Agents and additives that, when added to water, create a cutting fluid. See cutting fluid.
Fluid that reduces temperature buildup at the tool/workpiece interface during machining. Normally takes the form of a liquid such as soluble or chemical mixtures (semisynthetic, synthetic) but can be pressurized air or other gas. Because of water’s ability to absorb great quantities of heat, it is widely used as a coolant and vehicle for various cutting compounds, with the water-to-compound ratio varying with the machining task. See cutting fluid; semisynthetic cutting fluid; soluble-oil cutting fluid; synthetic cutting fluid.
- cubic boron nitride ( CBN)
cubic boron nitride ( CBN)
Crystal manufactured from boron nitride under high pressure and temperature. Used to cut hard-to-machine ferrous and nickel-base materials up to 70 HRC. Second hardest material after diamond. See superabrasive tools.
Removal of undesirable materials from “loaded” grinding wheels using a single- or multi-point diamond or other tool. The process also exposes unused, sharp abrasive points. See loading; truing.
Rate of change of position of the tool as a whole, relative to the workpiece while cutting.
Machining operation in which material is removed from the workpiece by a powered abrasive wheel, stone, belt, paste, sheet, compound, slurry, etc. Takes various forms: surface grinding (creates flat and/or squared surfaces); cylindrical grinding (for external cylindrical and tapered shapes, fillets, undercuts, etc.); centerless grinding; chamfering; thread and form grinding; tool and cutter grinding; offhand grinding; lapping and polishing (grinding with extremely fine grits to create ultrasmooth surfaces); honing; and disc grinding.
- grinding machine
Powers a grinding wheel or other abrasive tool for the purpose of removing metal and finishing workpieces to close tolerances. Provides smooth, square, parallel and accurate workpiece surfaces. When ultrasmooth surfaces and finishes on the order of microns are required, lapping and honing machines (precision grinders that run abrasives with extremely fine, uniform grits) are used. In its “finishing” role, the grinder is perhaps the most widely used machine tool. Various styles are available: bench and pedestal grinders for sharpening lathe bits and drills; surface grinders for producing square, parallel, smooth and accurate parts; cylindrical and centerless grinders; center-hole grinders; form grinders; facemill and endmill grinders; gear-cutting grinders; jig grinders; abrasive belt (backstand, swing-frame, belt-roll) grinders; tool and cutter grinders for sharpening and resharpening cutting tools; carbide grinders; hand-held die grinders; and abrasive cutoff saws.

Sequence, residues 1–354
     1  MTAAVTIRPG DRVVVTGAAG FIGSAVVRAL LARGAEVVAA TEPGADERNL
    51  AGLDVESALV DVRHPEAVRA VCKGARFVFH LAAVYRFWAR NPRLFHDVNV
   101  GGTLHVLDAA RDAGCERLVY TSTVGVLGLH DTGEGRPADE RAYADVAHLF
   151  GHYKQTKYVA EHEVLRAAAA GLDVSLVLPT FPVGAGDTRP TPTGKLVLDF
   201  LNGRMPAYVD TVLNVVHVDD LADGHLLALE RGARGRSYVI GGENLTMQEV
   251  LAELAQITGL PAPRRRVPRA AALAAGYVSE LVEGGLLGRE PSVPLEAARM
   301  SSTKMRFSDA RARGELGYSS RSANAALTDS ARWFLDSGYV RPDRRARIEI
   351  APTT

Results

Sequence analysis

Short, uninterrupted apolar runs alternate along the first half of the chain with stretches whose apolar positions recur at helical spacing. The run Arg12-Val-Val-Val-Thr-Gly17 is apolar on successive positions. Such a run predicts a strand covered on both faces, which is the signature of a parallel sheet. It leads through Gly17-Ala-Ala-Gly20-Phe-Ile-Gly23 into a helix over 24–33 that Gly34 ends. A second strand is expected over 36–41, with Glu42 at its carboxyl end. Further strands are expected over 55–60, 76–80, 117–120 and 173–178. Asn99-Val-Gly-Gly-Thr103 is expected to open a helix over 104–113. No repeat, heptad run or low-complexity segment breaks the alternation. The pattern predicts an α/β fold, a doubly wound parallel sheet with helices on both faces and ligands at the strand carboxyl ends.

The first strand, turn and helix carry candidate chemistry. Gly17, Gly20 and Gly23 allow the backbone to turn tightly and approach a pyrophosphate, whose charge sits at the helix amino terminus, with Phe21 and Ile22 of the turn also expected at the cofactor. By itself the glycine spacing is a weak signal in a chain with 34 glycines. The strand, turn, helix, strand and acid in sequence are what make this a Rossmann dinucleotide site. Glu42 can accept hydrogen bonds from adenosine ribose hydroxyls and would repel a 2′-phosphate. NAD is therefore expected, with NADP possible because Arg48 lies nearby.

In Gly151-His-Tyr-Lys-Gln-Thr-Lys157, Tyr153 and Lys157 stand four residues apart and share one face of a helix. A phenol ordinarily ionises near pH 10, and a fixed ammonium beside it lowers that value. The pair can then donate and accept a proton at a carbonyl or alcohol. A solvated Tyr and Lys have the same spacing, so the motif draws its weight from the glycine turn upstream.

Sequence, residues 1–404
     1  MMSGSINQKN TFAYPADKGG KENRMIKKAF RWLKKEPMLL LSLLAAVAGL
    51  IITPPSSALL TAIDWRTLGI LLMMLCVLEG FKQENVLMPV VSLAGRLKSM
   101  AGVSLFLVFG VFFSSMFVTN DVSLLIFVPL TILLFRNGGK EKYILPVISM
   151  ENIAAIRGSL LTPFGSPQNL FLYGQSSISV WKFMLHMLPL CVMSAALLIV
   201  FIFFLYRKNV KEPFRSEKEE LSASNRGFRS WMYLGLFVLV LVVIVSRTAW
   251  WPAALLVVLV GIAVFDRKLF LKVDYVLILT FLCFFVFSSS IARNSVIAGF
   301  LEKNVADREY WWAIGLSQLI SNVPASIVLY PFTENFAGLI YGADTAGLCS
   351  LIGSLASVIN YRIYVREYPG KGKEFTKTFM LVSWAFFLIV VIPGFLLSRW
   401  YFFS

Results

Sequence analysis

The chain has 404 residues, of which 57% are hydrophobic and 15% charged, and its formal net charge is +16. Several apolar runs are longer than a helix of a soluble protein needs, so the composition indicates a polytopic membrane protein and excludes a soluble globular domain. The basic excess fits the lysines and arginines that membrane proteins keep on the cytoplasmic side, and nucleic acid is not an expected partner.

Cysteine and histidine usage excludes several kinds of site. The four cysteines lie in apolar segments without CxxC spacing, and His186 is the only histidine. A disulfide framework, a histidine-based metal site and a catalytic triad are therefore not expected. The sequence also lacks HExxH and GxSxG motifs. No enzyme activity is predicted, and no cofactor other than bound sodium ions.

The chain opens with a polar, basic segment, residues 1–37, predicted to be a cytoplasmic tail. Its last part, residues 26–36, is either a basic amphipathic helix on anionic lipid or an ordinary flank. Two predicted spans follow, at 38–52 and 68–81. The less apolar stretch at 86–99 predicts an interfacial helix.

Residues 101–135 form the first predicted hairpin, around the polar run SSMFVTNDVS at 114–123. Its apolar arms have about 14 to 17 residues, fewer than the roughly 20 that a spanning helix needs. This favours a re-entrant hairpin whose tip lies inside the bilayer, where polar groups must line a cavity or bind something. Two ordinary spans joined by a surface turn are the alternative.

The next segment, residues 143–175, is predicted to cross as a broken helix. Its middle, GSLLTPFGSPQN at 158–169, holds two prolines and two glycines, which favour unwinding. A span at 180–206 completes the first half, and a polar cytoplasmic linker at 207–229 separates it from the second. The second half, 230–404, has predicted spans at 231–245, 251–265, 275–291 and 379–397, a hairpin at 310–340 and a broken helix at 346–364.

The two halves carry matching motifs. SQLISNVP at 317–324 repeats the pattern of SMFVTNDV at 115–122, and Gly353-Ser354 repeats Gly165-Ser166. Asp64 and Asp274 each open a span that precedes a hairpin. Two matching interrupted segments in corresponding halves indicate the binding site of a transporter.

- grinding wheel
Wheel formed from abrasive material mixed in a suitable matrix. Takes a variety of shapes but falls into two basic categories: one that cuts on its periphery, as in reciprocating grinding, and one that cuts on its side or face, as in tool and cutter grinding.
- lapping compound( powder)
lapping compound( powder)
Light, abrasive material used for finishing a surface.
Minimum and maximum amount a workpiece dimension is allowed to vary from a set standard and still be acceptable.